(Mr Gershon) There are a number of documents setting out advice and guidance in this area. There is the code of best practice that has been agreed with the Management Consultants' Association and the Institute of Management Consultants. Particularly in the larger, more complex procurements which involve demands for professional expertise to support those procurements, those projects which are in the early stages now are being subject to the gateway review process, and as part of those gateway reviews we look to see whether departments have a clear view as to how they propose to use external advisers and whether they have the balance right between their internal resources and their proposed use of external resources so we can highlight to departments at an early stage if corrective action is needed.

  15. Can I ask a question of the Treasury before I finish and it goes back to the very first question I asked relating to the £610 million we are spending on professional services; what benefits do you think departments are deriving from this very great expenditure? Does the Treasury think all this expenditure is necessary? Are you getting the right feedback from departments? Are you satisfied that departments' own professional services are keeping a close eye on what is going on?
  (Mr Glicksman) As far as feedback from departments is concerned, we would look to the OGC who have got the procurement expertise—and the OGC is part of the Treasury—to keep their eye on that. As far as the figure is concerned, I think that we are supportive of the view that the OGC have taken. The advice from the NAO in their report that there are savings to be had here is a valued view and we will be looking to OGC to try and ensure those savings are secured.

  Chairman: I am not sure you have answered the question but no doubt others will want to come in on this. Mr Barry Gardiner?

Mr Gardiner

  16. Mr Gershon, I perfectly understand what you said about demand exceeding supply for both quantity and quality in response to the Chairman's first question of how you justify this £610 million given the number of people employed. I take it what you are saying is that if you want to get the very best professional advice in an area, it is difficult to retain that in a department of government where inevitably one is forced to be more generalist in nature rather than to specialise and therefore you need to buy in that speciality from outside. What I am keen to find out from you is when you do buy in that specialist knowledge—and here we are talking about the quality rather than the quantity side of the remarks you made—what system do you have for monitoring the quality of delivery because it seems to me that one of the great dangers we have in Government is that if we do not have the internal expertise within the department in the first place, and we have to buy it in, it is also then very difficult to be able to evaluate the quality of what we are getting?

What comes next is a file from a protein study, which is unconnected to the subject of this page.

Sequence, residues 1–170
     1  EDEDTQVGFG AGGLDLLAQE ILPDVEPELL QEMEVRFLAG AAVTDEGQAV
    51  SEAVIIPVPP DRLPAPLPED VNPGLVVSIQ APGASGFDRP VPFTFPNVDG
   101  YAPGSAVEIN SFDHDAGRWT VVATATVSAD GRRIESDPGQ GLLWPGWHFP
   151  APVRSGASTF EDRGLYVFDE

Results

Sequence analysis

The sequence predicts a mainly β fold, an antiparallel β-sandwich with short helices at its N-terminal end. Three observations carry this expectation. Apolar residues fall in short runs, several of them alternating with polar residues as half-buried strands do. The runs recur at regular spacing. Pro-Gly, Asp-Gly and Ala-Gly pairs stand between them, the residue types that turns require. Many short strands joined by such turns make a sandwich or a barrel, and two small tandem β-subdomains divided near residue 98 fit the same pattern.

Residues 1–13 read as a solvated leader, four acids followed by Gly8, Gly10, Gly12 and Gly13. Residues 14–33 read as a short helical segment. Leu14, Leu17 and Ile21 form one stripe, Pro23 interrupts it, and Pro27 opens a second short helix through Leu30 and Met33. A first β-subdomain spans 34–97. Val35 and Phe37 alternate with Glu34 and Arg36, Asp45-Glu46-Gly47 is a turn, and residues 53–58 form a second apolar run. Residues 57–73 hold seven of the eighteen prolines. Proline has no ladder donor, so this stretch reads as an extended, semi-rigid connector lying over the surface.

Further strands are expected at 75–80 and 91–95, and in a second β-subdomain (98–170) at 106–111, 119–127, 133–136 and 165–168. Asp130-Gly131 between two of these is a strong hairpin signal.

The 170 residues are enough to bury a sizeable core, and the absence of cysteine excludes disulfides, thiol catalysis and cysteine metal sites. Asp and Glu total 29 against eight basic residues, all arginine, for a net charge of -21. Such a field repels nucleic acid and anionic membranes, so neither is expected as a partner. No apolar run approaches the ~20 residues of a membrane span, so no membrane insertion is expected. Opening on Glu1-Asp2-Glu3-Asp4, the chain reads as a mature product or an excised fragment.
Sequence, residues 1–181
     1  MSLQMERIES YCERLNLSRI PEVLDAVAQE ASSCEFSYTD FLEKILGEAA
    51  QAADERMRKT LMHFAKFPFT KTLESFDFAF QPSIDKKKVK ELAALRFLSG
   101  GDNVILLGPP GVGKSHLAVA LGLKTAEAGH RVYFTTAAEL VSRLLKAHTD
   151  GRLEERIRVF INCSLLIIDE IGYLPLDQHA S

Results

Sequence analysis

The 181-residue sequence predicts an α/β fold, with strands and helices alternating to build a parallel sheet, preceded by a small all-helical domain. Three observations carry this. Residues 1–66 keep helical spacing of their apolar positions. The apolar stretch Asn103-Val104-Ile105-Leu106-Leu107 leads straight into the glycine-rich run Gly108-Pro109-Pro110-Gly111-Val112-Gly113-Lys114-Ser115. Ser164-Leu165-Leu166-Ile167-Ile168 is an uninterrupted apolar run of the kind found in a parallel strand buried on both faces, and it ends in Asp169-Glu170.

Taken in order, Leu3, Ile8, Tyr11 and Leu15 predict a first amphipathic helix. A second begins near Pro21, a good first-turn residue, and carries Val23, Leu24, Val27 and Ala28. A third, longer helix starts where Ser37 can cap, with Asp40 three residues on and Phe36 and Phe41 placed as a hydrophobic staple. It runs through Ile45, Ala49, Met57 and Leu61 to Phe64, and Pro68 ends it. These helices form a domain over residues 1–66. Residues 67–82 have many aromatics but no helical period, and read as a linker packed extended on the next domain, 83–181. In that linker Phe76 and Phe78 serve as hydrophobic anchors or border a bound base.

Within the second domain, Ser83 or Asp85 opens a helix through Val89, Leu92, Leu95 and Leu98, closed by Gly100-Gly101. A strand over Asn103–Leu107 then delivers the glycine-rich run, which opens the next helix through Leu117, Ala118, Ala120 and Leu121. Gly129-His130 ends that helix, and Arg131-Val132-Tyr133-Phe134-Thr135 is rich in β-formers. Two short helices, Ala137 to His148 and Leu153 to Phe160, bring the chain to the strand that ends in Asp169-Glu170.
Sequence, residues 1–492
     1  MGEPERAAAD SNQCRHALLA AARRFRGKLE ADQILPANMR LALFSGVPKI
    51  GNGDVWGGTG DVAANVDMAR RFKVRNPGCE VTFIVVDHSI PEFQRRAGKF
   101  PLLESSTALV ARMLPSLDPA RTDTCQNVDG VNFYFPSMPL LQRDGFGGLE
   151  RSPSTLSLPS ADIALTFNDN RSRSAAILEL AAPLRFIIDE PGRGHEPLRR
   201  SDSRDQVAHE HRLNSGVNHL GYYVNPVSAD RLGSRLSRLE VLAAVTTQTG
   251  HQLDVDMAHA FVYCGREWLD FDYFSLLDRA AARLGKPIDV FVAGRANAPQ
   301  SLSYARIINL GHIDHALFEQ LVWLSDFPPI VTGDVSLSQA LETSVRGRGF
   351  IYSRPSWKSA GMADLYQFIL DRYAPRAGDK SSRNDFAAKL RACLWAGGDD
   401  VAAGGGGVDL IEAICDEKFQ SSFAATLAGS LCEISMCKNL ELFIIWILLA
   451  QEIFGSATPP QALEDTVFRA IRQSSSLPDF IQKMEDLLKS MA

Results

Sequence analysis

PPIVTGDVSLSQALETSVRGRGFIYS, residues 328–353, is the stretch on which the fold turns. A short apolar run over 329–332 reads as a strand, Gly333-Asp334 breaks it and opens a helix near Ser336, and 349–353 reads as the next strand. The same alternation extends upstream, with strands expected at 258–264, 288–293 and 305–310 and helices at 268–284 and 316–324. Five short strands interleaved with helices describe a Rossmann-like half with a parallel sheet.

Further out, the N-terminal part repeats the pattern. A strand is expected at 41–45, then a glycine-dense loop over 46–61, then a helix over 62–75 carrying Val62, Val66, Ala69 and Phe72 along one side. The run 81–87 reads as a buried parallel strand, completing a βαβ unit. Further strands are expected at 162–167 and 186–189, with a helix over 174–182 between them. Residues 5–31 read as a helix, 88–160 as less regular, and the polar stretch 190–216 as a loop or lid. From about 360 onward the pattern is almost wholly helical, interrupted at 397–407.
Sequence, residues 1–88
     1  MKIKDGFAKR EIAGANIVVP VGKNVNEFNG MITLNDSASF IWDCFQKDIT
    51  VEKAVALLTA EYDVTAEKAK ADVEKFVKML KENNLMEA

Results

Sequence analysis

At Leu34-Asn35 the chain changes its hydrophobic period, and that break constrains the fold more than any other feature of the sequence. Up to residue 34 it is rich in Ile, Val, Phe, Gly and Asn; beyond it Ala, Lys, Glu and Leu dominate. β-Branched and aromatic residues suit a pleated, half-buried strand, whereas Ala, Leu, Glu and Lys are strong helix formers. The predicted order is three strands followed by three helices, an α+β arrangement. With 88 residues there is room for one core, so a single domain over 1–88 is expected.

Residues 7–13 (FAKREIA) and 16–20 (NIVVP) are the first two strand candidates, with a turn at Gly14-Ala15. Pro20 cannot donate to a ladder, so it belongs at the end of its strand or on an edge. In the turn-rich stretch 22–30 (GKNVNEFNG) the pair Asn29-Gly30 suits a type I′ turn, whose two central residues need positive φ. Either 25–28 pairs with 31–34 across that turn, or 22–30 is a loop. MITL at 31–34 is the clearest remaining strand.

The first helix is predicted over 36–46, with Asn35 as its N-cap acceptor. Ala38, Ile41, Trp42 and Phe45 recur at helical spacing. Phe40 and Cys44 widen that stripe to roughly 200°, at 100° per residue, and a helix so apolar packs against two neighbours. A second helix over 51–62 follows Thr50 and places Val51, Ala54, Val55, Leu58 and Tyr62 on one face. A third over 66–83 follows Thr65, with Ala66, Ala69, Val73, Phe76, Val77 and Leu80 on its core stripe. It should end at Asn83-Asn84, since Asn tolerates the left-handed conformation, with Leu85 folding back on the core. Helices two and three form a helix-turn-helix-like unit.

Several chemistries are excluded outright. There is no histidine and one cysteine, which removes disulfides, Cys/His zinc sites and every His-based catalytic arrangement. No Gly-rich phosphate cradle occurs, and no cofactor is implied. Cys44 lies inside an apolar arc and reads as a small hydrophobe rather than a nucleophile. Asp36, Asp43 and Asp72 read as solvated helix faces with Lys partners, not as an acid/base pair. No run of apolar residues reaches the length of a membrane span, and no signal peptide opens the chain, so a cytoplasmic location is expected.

(Mr Gershon) The central advice that has been issued to departments encourages them, for example, to take up references from potential suppliers about other relevant work that they have done. In summary, that might mean with other government departments or it may be a piece of activity where it is more relevant to get a reference from experience that consultant may have had in the private sector. It is very clear that there should be, for example, clear milestones set at which there can be reviews with the supplier of the services as to whether he is delivering a quality output or not. There are recommendations that there should be post contract reviews so at the end of the assignment there can be an assessment made as to the level of the satisfaction overall. That is something then that can be used by other government departments in the future to take account of whether a particular supplier of professional services delivered a good job in the eyes of the customer in that particular situation. So there are both pre contract mechanisms, mechanisms that exist through the life of a contract, and post contract reviews.

  17. What evaluation have you done of the successful renegotiation of those contracts at the re-evaluation stage? Have you actually looked and seen when we are monitoring the contract and when we are reviewing the performance of the contractor and we think that things are not going well, what changes have we actually implemented at that stage? Have you done any research on that?
  (Mr Gershon) There is no central mechanism for monitoring literally the thousands of contracts that exist with a whole raft of professional services. Where there are, for example, contracts let under central frame agreements, if a government customer is experiencing poor performance or is dissatisfied with the performance of the supplier then there are clearly mechanisms where he can bring that to our attention and we would then seek to raise that with the relevant supplier. I think one of the things that the NAO Report has identified is that there is a need for more information sharing, which we want to do through the departmental heads of procurement network, which is now a well established network between the OGC and departments, to use that so we can start to develop a better picture, a shared picture across government about the performance, certainly the performance of a number of key suppliers of different types of professional services. That is very much work we plan to do. There has been little of it done centrally in the past.

  18. That is something that you are looking at prospectively rather than something which exists.
  (Mr Gershon) Yes.

  19. In that case I will back off from there. One of the targets that the Chairman mentioned from 1994 in terms of the savings targets that had been suggested there, I think it was £65 million, has not been achieved, what targets do you now have? What are the timescales for delivery of those targets of achieving those savings and what programme do you have in place to monitor your progress towards achieving it?
  (Mr Gershon) I accepted the NAO Report which identified the scope and I think that is a realistic target that we should be aiming for.